The independent news organization of Duke University

School of Nursing employs new technology to reduce bedsores

The School of Nursing will begin using wearable sensors to more effectively prevent bedsores.

Researchers from the School of Nursing have partnered with Leaf Healthcare to launch a five-year study on prevention of pressure ulcers—also known as bedsores—in nursing homes, aiming to improve outdated patient turning procedures. The team—led by Tracey Yap, associate professor at the School of Nursing and principle investigator of the study—will use the Leaf Patient Sensor as their primary tool.

“[In previous studies] you were relying on nurses’ documentations—relying on self-report data,” Yap said. “This technology timestamps when somebody gets repositioned, so there is no question.”

Pressure ulcers affect an estimated 2.5 million people per year in the United States alone, yet the standard of preventative care has remained largely unchanged since the 19th century when Florence Nightingale popularized the practice of repositioning patients every two hours.  

The sensor may modernize practices through its ability to track a patient’s position in real time and alert the nursing staff when the patient is due to be repositioned. With the help of the sensor, Duke researchers can control and monitor the repositioning intervals for nearly 1,000 nursing home residents at nine sites. Residents will be repositioned at two, three or four-hour intervals.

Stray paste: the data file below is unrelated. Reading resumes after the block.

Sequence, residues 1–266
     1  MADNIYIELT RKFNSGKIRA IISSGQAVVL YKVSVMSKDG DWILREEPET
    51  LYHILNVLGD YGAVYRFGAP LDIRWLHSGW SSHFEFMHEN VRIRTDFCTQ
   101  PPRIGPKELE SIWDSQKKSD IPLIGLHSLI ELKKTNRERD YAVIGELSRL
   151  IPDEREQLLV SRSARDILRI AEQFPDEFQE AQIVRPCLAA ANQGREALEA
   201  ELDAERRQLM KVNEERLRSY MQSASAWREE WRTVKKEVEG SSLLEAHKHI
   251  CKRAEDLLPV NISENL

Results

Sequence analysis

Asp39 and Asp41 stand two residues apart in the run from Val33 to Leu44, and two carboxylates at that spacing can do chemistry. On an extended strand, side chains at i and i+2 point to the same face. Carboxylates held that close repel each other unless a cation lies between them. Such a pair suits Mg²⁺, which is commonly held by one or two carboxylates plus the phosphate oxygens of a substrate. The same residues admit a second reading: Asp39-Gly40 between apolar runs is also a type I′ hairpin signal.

“The reality is that some people are probably repositioning themselves anyway—this is something we’ve never been able to see before,” she said. 

The potential quality of life improvements are not exclusive to residents—Yap noted that it is also better for the nursing staff who are at risk of back-related injuries from lifting and turning patients. Leaf displays on a wall will show who is due for a turn, so nurses don't have to worry about turning patients who have already turned themselves.

“People hate being repositioned every two hours,” Yap said. “They will ask you, ‘please, just leave me alone in the middle of the night, I don’t want to be turned.’ If they can go four hours, it is a much better quality of life.”

Another aim of the study is to address the staggering costs associated with treating pressure ulcers.

“Is prevention truly cheaper than treatment? [U.S. patients] pay $11 billion per year toward pressure ulcer treatment, so it seems like prevention should be the way to go,” Yap said.

The sensor offers an opportunity to look not just at turning intervals, but also what positions patients are in—whether they are they sitting up, on their bellies or 30 degrees to the right.

By collecting data from nearly 1,000 patients, Yap’s team can begin to paint a clearer picture of the causes and risk factors for pressure ulcers.

“We don’t really know what we’re going to learn out of it—there is just so much information,” Yap said. “This is big data.”


Share and discuss “School of Nursing employs new technology to reduce bedsores” on social media.